Isro launches 100th satellite: A look at space agency’s ten achievements
Indian space agency Isro launched its 100th satellite along with 30 others in a single mission on Friday from Sriharikota spaceport in Andhra Pradesh.
Thirty-one spacecrafts, including weather observation Cartosat-2 series satellite, were launched by PSLV-C40. Out of the 31, 28 satellites are foreign, while three are from India. “When the last satellite is ejected out it will become the hundredth satellite...the first century we have done. It is the maiden century. So PSLV-C40 marks maiden century of Indian satellite,” Indian Space Research Organisation (ISRO) Satellite Centre Director M Annadurai told PTI.
As the space agency adds another feather in its cap, here’s a look at its ten big achievements:
Launching 104 satellites in a single mission, 2017: On February 15, 2017, ISRO garnered international attention when it launched 104 satellites using the Polar Satellite Launch Vehicle (PSLV), an Indian rocket. The launch took place at Sriharikota and successfully managed to put these satellites into their desired orbit in one go. 101 were foreign satellites out of the 104 launched. It also included the Cartostat-2 series, India’s earth observation satellite.
Indian Regional Navigation Satellite System, 2016: The seven-satellite system created India’s very own satellite navigation system that could potentially offer services like terrestrial and marine navigation, disaster management, vehicle tracking and fleet management, navigation aide for hikers and travellers, visual and voice navigation for drivers. The launch of the 7th navigation satellite brought India much closer to the ‘GPS club’. Experts said an Indian-owned system will be particularly useful in times of war to gain positional accuracy.
Launching 20 satellites, 2016: Before it made the 104 satellite record, in June, Isro launched 20 satellites in one mission, a personal best for the space agency. Apart from Isro’s own satellites and those built by university students in the country, the mission carried satellites from the US, Canada, Germany and Indonesia.
Reusable Launch Vehicle, 2016: In May, Isro successfully tested the Reusable Launch Vehicle — Technology Demonstrator (RLV-TD) that was built on a budget of Rs 95 crore. The winged flight vehicle — dubbed as India’s space shuttle — that glided back onto a virtual runway in the Bay of Bengal in a 10-minute mission was the first stage of a fully re-usable vehicle. A reusable launch vehicle can bring down launch costs by up to ten times.
Mangalyaan, 2014: India joined an exclusive global club when it successfully launched the Mars Orbiter Mission on a shoestring budget that was at least 10 times lower than a similar project by the US. Only the United States, Russia and Europe have previously sent missions to Mars, but what made India’s achievement stand out was that it succeeded on its first attempt, which even the Americans and the Soviets could not. The Rs 450-crore project revolved round the Red Planet and to collect data on Mars’ atmosphere and mineral composition.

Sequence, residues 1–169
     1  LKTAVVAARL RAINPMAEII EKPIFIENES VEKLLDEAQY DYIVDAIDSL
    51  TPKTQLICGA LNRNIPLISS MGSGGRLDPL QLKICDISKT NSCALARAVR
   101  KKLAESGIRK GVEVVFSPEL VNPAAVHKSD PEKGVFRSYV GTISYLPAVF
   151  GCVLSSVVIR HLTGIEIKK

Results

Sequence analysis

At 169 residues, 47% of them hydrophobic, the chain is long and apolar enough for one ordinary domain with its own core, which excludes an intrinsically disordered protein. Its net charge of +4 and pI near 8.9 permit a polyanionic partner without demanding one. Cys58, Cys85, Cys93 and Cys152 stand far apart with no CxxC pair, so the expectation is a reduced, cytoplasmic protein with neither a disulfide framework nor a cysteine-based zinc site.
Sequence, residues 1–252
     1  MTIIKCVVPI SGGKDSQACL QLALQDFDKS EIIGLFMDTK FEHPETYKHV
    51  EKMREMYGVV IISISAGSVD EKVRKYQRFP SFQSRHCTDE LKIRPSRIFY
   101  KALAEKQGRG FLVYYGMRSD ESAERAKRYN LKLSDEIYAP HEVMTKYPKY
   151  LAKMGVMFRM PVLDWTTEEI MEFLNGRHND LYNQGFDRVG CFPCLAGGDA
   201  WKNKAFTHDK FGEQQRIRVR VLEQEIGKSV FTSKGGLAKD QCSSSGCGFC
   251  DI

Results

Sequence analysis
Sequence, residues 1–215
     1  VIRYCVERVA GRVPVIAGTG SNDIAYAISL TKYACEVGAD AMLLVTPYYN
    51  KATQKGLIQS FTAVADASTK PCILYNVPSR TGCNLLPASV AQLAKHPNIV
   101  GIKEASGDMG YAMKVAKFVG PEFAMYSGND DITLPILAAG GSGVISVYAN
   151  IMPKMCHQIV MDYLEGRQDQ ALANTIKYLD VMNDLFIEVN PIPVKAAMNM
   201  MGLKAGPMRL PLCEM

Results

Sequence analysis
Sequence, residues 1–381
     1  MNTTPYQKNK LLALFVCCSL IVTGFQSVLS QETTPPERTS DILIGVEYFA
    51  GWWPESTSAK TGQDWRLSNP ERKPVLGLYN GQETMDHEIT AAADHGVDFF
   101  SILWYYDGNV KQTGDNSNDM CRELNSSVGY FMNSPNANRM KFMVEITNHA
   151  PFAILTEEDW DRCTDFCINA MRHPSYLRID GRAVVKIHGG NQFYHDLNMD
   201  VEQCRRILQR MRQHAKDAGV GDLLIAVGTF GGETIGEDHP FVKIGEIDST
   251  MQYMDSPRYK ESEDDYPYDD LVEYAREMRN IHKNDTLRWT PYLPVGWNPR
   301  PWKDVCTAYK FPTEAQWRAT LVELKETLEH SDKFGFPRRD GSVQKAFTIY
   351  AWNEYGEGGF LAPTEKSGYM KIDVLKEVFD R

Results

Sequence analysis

Chandrayaan, 2008: India’s first unmanned lunar probe was launched almost a decade ago and was a landmark in India’s space mission. Isro joined an elite list of just six space organisations to send an orbiter to the moon. A Tricolour was hoisted on the moon but Isro lost contact with Chandrayaan soon after.
Polar Satellite Launch Vehicle, 1993: It was developed in the 1990s and has become the Indian space mission’s most reliable workhorse. The PSLV carried out its first mission in 1993 but its first successful outing was the next year. For the next 20 years, it launched various satellites for historic missions such as the Chandrayaan and Mangalyaan. PSLV remains a favourite among various organisations as a launch service provider and has launched over 40 satellites for 19 countries.
Indian National Satellite system, 1983:
Indian National Satellite System (INSAT), 1983: Launched by ISRO, INSAT is a series of multi-purpose geostationary satellites. It helped with telecommunications, broadcasting, meteorology, and search and rescue operations. The satellites built a communication system all across Asia Pacific region. There are nine working satellites in the group.
Aryabhatta, 1975: The Aryabhata spacecraft that was named after the famous Indian astronomer was the country’s first satellite. It marked a milestone in India’s space programme because it was completely designed in the country and launched from a Russian facility in 1975. Known better by its popular name Insat, the system is a network of satellites that facilitates communications and broadcasting across the south Asian region. The first satellite in the series was placed into orbit in 1983 and ushered in a revolution in India’s television and radio broadcasting, telecommunications and meteorological sectors. Nine satellites are operational.